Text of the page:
Dissecting Roosevelt's "Day of Infamy" Speech
On Monday, December 8, 1941, President Franklin D. Roosevelt appeared before a joint session of the United States Congress to discuss the events that unfolded at Pearl Harbor the previous day. His address, known as the “Day of Infamy" speech, was brilliant and passionate, and would go down as one of the most important speeches ever made by an American president.
The speech was so effective that Roosevelt was able to secure a near-unanimous vote to go to war with Japan. But is it really a surprise that a speech intended to reach that outcome succeeded so well, especially since the attack was still so fresh the nation's consciousness? Clearly, Roosevelt’s words were carefully chosen to guarantee the declaration of war, even though it was likely that Congress would have voted in favor of it anyway.
Breaking Down Roosevelt’s Day of Infamy Speech
Ever since it was delivered, scholars of Pearl Harbor history have been examining the speech from every angle to explain its profound impact. Let's have a look at a few of its distinctive features.
"Day" vs. "Date"
The speech starts with a very calculated choice of words that’s so subtle that it’s easy to miss. During his speech, Roosevelt called December 7, 1941 a “date which will live in infamy.”
This is sometimes misquoted as a “day" that would live in infamy, but there is a very clear distinction between those two words. The day was a Sunday. Sundays come around once a week and they can't all be infamous. The date, however, was December 7, 1941, and that would happen only once. Roosevelt was saying that because of the horrific events that had occurred the day before, the date would be seared in everyone's memory.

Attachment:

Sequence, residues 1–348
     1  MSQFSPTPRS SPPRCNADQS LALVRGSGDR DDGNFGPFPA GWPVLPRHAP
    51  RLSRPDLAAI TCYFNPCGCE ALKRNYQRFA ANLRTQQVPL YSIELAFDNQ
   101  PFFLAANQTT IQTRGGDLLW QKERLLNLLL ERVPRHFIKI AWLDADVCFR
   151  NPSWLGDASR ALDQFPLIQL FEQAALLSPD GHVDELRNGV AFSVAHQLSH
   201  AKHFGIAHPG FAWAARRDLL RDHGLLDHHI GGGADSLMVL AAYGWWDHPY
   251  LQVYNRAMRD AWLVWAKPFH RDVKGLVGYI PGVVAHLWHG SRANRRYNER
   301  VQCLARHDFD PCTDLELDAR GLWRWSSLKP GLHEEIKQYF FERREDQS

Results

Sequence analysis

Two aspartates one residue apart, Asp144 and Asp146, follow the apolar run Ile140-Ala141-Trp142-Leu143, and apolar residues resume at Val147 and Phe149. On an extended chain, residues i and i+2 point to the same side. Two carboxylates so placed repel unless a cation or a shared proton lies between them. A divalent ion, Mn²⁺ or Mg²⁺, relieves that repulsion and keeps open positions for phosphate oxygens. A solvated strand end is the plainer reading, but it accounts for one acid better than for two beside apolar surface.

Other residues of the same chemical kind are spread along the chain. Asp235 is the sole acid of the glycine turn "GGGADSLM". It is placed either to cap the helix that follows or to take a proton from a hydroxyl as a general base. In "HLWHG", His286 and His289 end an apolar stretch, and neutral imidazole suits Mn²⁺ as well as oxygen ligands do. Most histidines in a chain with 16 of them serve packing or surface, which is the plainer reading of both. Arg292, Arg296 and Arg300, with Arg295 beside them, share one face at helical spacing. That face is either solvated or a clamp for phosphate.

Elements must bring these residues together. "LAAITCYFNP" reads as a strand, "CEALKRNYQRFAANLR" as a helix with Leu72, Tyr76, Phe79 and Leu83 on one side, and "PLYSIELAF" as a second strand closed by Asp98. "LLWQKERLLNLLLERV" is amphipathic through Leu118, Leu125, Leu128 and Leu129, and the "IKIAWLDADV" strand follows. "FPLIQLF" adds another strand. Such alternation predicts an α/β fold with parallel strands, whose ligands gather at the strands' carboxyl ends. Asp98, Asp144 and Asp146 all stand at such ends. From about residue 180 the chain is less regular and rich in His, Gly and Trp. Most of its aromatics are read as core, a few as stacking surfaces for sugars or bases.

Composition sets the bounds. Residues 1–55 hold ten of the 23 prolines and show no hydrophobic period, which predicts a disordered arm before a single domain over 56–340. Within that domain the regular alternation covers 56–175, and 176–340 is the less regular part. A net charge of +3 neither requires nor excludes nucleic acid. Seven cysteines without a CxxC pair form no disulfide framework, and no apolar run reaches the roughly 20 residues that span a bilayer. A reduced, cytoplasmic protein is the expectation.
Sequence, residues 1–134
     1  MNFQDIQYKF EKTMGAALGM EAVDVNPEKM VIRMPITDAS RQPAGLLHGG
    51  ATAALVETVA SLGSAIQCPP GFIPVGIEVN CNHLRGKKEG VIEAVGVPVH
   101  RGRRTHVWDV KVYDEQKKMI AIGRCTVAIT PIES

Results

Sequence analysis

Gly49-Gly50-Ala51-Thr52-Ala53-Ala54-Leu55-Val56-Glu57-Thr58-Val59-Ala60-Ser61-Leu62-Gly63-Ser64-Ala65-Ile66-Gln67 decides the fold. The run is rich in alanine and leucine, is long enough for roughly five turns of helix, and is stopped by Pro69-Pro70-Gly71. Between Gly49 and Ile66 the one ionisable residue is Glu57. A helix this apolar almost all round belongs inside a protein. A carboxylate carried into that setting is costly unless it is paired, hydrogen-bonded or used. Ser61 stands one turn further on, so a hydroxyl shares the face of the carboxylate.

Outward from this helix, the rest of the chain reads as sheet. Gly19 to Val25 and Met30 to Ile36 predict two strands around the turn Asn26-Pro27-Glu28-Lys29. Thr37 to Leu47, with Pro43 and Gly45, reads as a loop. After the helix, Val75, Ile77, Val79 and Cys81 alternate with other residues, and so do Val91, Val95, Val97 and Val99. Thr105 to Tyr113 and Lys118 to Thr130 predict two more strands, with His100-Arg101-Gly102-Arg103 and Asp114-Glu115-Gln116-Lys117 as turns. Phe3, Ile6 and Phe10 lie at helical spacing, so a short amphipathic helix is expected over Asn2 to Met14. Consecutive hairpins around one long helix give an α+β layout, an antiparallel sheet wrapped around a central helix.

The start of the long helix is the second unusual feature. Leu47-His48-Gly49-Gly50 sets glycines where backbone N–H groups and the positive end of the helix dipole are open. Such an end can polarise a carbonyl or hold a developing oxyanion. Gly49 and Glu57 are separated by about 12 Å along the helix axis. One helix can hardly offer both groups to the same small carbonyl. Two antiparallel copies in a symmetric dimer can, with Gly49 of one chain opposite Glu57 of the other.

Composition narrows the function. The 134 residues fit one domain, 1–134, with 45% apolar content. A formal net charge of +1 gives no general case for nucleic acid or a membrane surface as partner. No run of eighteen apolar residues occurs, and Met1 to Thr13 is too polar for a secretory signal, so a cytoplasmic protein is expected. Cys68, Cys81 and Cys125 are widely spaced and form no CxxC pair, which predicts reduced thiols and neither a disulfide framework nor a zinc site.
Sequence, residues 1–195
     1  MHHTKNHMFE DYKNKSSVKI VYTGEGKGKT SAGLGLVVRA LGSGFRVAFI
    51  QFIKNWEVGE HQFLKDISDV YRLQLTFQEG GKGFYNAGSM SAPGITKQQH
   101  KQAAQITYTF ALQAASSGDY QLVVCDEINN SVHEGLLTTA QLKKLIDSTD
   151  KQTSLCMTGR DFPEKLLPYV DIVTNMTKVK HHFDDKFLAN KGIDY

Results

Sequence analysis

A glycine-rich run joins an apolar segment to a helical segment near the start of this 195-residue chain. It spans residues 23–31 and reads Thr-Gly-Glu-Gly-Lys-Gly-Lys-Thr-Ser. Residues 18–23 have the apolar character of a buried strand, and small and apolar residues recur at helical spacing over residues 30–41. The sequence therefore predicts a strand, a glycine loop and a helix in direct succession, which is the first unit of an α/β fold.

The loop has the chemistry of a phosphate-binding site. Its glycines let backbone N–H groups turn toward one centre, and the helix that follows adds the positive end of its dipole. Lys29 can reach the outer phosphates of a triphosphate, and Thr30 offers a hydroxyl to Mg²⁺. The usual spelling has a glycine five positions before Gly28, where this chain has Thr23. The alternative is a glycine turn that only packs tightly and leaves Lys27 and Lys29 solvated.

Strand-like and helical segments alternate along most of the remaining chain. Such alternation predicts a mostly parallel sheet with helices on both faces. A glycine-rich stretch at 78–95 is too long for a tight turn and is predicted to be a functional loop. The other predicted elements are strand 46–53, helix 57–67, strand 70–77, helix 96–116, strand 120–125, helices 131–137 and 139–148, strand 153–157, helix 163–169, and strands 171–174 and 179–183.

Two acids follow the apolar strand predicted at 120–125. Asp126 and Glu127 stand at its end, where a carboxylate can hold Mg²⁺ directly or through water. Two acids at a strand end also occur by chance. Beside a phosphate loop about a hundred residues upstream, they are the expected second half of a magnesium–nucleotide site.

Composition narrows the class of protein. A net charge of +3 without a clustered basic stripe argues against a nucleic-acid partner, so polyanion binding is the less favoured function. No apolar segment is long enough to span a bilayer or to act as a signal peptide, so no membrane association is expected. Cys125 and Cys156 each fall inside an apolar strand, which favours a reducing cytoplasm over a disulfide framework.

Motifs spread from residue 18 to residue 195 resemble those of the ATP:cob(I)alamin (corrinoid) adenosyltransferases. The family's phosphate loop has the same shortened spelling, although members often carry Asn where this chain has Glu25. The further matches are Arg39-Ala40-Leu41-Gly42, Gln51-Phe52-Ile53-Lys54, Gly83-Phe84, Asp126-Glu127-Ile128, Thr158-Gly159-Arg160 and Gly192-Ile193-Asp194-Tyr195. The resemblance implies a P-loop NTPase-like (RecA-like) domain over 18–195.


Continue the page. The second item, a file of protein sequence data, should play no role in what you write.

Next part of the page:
Speaking Passively in a Time of Action
Every writer knows that using the active voice is almost always preferred, yet in many parts of the speech, Roosevelt employed the passive voice. Given what we know of his eloquence, this was clearly a deliberate choice, and was intended to further strengthen his appeal to declare war.
He reminded his listeners in Congress and across the nation that the United States at peace when it was “suddenly and deliberately attacked.” Later, he asks Congress to declare that since the attack, a state of war "has existed" between the United States and Japan.
The Use of "Props"
It wasn’t just words that helped strengthen Roosevelt’s call for a declaration of war. He very cleverly used some powerful visuals to subconsciously influence those present that day.
When the President entered the chambers at noon on December 8, he didn’t do so alone. He was accompanied by Edith Wilson, widow of Woodrow Wilson. The presence of the former first lady was a calculated move by Roosevelt. Twenty-four years earlier, President Wilson had stood in front of Congress and requested a declaration of war.
He was also joined by Lt. Col. James Roosevelt, his son, dressed in full uniform. The Marine sat behind his father at the podium, providing a visual reminder of America's readiness to fight back.